The Sony FX30 seems like Sony’s gateway cinema camera into the rest of their higher-end cinema cameras. While I don’t have this camera in hand, I’ve read the specs and watched all the videos and have already preordered one of these cameras. It definitely will not be a camera everyone will pick up, but for some people this camera is a home run. Let’s dive into the pros, cons, and my concerns behind my preordered FX30.
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First up, the Price. The Sony FX30 costs $1800 USD without the top handle. That is an attractive price point considering I was going to spend $2500 on a A7IV for a C camera. However, kind of a hot take, the Sony A6400 that I sold was $900 and was an APSC camera. So the FX30 costing $1800 is between those, but when I was using my A6400 it really didn’t give me the video features I needed in a “C” camera to really “set it and forget it”. For me, spending an additional $900 for the features I’m going over next are well worth it for me.
One of the strongest areas of modern sony cameras is their autofocus. And as a person who films themselves, or has 2 people on 3 different cameras rolling at once, autofocus is a huge benefit.
I’m going to test the autofocus of the FX30 once mine comes in, but assuming it’s on par with the latest Sony Full Frame bodies, it should be more than enough. But I’m still going to test it.
While I don’t expect the FX30 to perform as well as higher-end Sony cameras in low light, I do find myself filming in low light scenarios quite a bit and this is a benefit for me. Will do some testing against my other cameras in low light once this comes in.
Before the Sony FX30, I had an 8-bit cropped sensor camera to record with. The one I went with was the Sony a6400 for it’s attractive price of $900 and decent autofocus but the recording modes really left me unimpressed with editing latitude in post. WIth the 4:2:2 10-bit and range of XAVC options to chose from, this should make editing this footage easier to push it farther in post.
The option to shoot 16-bit RAW into an Atomos recorder is another benefit here. I can’t imagine myself shooting long form content in RAW, this is handy on higher end shoots where clients demand the most color range to work with in post. My current B camera is my A7IV, so the FX30 may slide up to my B camera when jobs want RAW. It’s not often, but it’s nice to offer that if needed. One thing I read in the foot notes on the Sony page though, with the Ninja V you’re only able to record 4K up to 30 frames per second. Will be testing that out when the FX30 gets here.
A small win is the familiar menus and compact size of the Sony FX30. The menus and rigs are the same as the FX3, so streamlining that workflow is one less thing to remember. Not a big deal, but a small win.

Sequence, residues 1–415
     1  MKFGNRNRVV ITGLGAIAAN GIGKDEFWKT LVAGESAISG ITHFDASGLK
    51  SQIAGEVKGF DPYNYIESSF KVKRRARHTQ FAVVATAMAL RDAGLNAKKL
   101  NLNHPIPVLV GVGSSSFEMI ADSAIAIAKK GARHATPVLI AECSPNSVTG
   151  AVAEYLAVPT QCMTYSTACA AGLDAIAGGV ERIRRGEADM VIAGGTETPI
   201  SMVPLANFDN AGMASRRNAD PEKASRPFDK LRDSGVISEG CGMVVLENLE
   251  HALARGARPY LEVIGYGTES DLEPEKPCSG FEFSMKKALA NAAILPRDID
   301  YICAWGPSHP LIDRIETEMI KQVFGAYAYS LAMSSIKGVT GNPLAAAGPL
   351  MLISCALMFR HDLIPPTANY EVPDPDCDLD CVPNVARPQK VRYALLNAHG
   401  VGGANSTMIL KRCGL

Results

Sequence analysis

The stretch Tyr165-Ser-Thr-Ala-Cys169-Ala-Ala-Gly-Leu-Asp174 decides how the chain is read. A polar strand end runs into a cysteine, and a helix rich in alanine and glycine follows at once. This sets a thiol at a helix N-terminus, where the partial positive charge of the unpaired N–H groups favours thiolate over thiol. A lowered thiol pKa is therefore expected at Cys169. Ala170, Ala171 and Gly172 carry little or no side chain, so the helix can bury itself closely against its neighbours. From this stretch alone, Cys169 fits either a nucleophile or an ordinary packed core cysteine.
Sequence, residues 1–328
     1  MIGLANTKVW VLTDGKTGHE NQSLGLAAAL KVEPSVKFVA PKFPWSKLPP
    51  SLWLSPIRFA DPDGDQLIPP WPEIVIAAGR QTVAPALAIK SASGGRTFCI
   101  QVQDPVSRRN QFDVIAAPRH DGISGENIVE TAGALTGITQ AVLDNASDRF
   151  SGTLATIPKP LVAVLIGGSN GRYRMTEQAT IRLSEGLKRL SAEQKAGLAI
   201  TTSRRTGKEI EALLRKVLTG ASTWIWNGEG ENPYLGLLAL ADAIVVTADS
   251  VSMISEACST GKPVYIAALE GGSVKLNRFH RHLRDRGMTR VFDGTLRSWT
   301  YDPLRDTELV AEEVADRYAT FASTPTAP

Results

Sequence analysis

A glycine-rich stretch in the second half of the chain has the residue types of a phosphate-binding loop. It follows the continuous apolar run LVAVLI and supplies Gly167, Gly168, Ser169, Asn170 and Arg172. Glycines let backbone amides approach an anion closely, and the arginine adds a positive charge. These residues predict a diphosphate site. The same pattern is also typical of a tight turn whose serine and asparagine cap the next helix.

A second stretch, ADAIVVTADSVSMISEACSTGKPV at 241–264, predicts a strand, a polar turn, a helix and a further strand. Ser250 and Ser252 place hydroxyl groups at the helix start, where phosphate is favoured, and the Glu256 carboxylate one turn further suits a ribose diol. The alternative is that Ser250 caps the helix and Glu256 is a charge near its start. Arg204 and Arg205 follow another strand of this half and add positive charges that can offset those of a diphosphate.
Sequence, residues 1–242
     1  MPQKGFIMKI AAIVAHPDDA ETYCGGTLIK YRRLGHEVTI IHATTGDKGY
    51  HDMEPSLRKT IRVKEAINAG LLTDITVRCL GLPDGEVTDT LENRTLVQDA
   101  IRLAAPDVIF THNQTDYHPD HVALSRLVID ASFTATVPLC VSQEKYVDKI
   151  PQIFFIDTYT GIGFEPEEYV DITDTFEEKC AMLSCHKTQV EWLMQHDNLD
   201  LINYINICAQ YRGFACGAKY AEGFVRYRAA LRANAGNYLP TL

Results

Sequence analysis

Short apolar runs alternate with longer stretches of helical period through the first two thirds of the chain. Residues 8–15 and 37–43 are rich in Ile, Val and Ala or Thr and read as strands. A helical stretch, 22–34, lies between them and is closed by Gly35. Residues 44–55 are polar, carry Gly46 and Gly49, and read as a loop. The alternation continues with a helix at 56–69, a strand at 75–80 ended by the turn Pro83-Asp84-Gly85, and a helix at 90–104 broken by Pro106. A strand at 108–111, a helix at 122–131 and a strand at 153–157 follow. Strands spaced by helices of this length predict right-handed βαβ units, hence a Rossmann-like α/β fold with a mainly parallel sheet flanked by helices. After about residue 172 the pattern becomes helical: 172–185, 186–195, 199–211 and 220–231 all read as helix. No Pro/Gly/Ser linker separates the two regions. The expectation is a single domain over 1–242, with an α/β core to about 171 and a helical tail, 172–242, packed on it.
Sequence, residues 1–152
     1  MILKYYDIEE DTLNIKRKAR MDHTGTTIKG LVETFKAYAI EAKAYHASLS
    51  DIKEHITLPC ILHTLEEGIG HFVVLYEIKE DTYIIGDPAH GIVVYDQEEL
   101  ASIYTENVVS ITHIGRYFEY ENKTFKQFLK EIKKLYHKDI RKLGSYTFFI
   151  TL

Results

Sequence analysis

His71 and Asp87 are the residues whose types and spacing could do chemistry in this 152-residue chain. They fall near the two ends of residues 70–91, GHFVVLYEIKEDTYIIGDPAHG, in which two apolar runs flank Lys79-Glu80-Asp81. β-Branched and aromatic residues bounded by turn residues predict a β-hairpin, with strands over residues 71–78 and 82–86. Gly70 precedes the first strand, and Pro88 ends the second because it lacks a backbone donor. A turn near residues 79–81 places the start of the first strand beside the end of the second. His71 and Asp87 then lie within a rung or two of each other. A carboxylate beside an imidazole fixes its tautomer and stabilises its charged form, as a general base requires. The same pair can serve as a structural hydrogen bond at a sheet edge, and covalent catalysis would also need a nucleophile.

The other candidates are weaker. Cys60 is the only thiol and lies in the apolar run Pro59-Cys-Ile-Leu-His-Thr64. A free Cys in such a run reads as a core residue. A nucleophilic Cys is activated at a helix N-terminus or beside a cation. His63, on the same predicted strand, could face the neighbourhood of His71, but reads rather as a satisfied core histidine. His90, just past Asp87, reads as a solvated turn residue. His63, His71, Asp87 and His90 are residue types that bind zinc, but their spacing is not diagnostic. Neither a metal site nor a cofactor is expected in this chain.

Some other nice features are the focus breathing compensation, USB-C charging but no mention of the volts and amps required. Will do some testing on that. Catalyst browse or active stabilization.
Now onto the cons of the Sony FX30.
The first downside, for me, is that it’s an APS-C camera, especially after I just sold all of my APS-C lenses for full-frame glass. My other cameras are full frame, so there will be a difference in the image. Even matching up the equivalent focal lengths, the image looks different at the same apertures. Not the end of the world, but it’s another thing to keep in mind when out shooting.
Speaking of cropped footage, the 4K 120p footage has a crop of 1.5 times. Knowing this, I’ll not be shooting many people or environmental b-roll at 120 knowing the crop is so aggressive. I’ll have to use another camera for that. However, this could be a good thing if I’m filming slow motion from farther away. I’ll have to do some tests and report back on how annoying this actually is in practice, but the 4K 120 crop is pretty aggressive.
If you’re using active stabilization, there is a crop. And if you’re using focus breathing compensation there is crop as well. Lots of cropping.
According to the specs, the Sony FX30 has one stop less of dynamic range than the FX3 and A7SIII in Slog 3. S log 3 S-gamut.cine is my gamma and color space of choice, so I’m interested to shoot some tests to see if I can tell the difference between one stop of dynamic range and their base ISOs. Testing to come.
From what I’ve seen, another drawback of the FX30 is the rolling shutter performance. I’ve been spoiled with the A7SIII and FX3’s rolling shutter performance, and while it’s not a global shutter, it’s pretty dang good for what I use it for. I don’t find myself doing whip pans, but I do film a lot of cars. So for car filming, I won't be able to use the FX30, but for me, this isn't my main camera, and not a deal breaker for me. If the FX30 will be your main and you film cars or moving objects though, you might want to look elsewhere if you film a lot of rollers.
Understanding the downsides of the Sony FX30, and what it can and cannot do will help you make a better decision on what camera is best for you. Since I’m heavily invested in the Sony ecosystem and understand their cameras, the FX30 is a no-brainer pick-up coming in at $1800 without the top handle.
I’ll be mostly throwing this camera on a tripod for a C camera at wedding ceremonies, or using this as a top-down camera in my studio. Or in any situation where I want to film, and there is a risk of damaging my more expensive cameras. Not trying to say this camera will be a punching bag, but $1800 is easier to replace than a $3500 or $3800.
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“Very good for the Mavic 2 pro, if there are other such good color profiles in the package, I would be happy to order it”